During a fifteen-year span beginning in 1837, a series of Christian missionaries moved into the Mdewakanton Dakota village of Red Wing. Their goals, in the language of the day, were the "education and civilization" of the Indians. Welcomed by some of their hosts and tolerated by others, these Euro-Americans attempted to convince the Mdewakanton to adopt the ways of the whites.
Tatankamani, known to whites as Red Wing, founded the village around 1815. He allied himself with the United States against the English during the War of 1812 and was a widely respected Mdewakanton leader. Tatankamani died in 1829, leaving two men, Wacouta I and Iron Cloud, as rivals for leadership of the band. Wacouta was more positive towards whites, while Mahpiyamaza's (Iron Cloud) attitude ranged from skeptical to hostile.
In 1837 Samuel Dentan (the name is spelled Denton in some accounts) and Daniel Gavin became the first missionaries to arrive at Red Wing. The Evangelical Missionary Society of Lausanne, a French-speaking canton in the future Switzerland, had sent the two men to the Upper Mississippi River Valley in 1836.
The Swiss missionaries built two sturdy log houses on high ground above the Mississippi and began their work. During the winter of 1838–1839, Gavin traveled west to the Lac qui Parle mission northwest of present-day Montevideo. Upon his return to the Upper Mississippi, he married Lucy Stevens, a young teacher at Lake Harriet. The Gavins went to the Red Wing mission. In 1839, Samuel Dentan accepted the job of government farmer at that village for $600 per year. He taught the Mdewakanton farming techniques.
The Red Wing band grew dissatisfied with their guests. The Mdewakanton came to believe that some of the government money due them from the land cession Treaty of 1837 was being diverted to the missionaries. The school run by the Dentans and Gavins had a modest enrollment. In 1844, Gavin reported that Wacouta, an original supporter of the program, had turned against it.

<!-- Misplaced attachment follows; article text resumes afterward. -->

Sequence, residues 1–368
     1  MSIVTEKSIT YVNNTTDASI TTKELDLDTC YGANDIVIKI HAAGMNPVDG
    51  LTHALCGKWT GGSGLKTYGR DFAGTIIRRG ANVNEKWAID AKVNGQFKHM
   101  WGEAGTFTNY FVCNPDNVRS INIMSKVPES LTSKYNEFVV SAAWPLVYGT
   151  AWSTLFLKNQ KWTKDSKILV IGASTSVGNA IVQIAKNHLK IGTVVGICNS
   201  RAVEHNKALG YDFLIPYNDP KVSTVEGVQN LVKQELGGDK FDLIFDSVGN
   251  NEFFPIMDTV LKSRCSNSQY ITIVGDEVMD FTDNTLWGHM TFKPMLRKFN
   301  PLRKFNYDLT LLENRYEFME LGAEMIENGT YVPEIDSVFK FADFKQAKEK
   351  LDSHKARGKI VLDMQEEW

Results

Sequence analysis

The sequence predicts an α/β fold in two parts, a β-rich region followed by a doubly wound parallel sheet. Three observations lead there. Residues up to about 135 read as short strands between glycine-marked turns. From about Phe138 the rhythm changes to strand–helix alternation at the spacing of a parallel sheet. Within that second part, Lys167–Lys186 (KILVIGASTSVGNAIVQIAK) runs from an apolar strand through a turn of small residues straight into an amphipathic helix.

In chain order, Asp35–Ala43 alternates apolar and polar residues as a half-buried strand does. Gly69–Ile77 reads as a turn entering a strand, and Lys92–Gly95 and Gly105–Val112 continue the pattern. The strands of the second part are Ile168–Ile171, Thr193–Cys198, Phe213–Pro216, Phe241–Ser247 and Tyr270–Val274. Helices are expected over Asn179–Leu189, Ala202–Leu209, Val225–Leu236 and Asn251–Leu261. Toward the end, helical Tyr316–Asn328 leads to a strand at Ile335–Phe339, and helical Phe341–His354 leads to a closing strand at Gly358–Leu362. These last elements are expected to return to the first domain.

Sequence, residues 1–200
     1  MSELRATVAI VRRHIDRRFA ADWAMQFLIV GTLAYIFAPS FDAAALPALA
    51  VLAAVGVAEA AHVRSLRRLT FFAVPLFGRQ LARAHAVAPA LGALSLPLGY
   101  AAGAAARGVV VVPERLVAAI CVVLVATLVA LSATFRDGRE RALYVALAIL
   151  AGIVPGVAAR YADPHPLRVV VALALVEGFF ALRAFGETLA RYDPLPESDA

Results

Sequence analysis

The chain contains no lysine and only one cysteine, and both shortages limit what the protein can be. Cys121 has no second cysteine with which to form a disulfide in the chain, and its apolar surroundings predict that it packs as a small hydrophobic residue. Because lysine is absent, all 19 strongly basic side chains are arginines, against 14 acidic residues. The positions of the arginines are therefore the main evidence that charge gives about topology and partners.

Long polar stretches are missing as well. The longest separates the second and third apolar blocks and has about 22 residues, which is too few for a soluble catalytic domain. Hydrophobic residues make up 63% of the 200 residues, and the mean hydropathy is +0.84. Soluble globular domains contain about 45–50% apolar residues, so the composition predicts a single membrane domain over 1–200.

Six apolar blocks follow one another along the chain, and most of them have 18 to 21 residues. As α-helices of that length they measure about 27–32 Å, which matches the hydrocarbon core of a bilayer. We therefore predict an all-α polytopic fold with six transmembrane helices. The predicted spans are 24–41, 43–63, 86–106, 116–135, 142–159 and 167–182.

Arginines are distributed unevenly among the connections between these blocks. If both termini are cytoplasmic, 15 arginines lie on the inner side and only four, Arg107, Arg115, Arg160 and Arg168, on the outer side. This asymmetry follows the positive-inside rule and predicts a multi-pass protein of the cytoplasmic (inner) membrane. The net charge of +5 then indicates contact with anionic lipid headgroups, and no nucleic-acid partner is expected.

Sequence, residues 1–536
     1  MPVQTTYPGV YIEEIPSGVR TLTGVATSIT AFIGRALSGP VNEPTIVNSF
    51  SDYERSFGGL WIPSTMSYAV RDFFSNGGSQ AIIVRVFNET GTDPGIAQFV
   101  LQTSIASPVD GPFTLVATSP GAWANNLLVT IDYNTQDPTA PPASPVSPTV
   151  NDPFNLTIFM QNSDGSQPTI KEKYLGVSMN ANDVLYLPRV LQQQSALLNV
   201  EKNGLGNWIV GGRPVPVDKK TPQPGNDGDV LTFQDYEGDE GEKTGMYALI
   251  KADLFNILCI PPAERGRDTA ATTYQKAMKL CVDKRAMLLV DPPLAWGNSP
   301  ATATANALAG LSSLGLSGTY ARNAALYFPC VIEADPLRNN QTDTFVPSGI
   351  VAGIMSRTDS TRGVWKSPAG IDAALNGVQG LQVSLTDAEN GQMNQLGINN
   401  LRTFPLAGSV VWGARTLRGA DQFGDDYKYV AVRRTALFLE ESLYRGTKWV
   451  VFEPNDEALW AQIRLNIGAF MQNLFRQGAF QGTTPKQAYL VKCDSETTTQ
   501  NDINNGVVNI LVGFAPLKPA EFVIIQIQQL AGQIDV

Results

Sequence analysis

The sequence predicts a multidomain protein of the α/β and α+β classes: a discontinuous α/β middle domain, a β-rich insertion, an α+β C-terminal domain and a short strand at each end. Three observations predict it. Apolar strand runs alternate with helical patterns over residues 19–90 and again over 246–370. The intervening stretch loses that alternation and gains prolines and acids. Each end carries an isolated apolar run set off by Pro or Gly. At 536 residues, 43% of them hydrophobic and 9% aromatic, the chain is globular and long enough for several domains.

Mdewakanton complaints about the unwanted farming education program led to Dentan's dismissal in March 1845. Lucy Gavin, meanwhile, had been weakened by illness. The Gavins decided to leave Red Wing. A discouraged Dentan complained to fellow missionary Samuel Pond that his superiors insisted on keeping the Red Wing mission open, despite its lack of success. He also left the village.
John Aiton and Joseph Hancock had been students together at Lane Seminary in Cincinnati and decided to accept the call of the American Board of Commissioners for Foreign Missions (ABCFM) and take over the Red Wing mission. John and Mary Aiton left first in 1848. Joseph and Maria Hancock arrived later, on June 13, 1849.
The Aitons had made a good start in Red Wing, opening a school and providing religious instruction. John Bush, meanwhile, moved to the village and took over as government farmer. He lived near the Aitons with his mixed-blood wife, Charlotte. Upon the Hancocks' arrival, the Aitons lived downstairs in the former Swiss mission house and the newcomers took over the upstairs. John Aiton disliked the fact that as missionary he received $300 plus $30 a year for his child, while Hancock's teaching position paid $500.
The two men disagreed on how to manage the school. Both worried about inconsistent attendance. Aiton averaged twenty-seven students in the fall of 1848, but the number fell off when the Mdewakanton left to collect annuities or hunt. Feeling dissatisfied, the Aitons moved on to other mission assignments
The Hancocks stayed, but Maria died in 1851. She had been unwell since the birth of their son seven months before. The following year Joseph traveled to Lac qui Parle mission and married nineteen-year-old Sarah Rankin and brought her back to Red Wing. Their mission life ended shortly thereafter however as the requirements of the 1851 Treaty of Mendota forced the Red Wing Mdewakanton to move westward.
The Hancocks were asked to join the band as it moved west, but decided to stay in Red Wing, ending missionary efforts to this band of Dakota.
John F. Aiton Papers, 1835–1898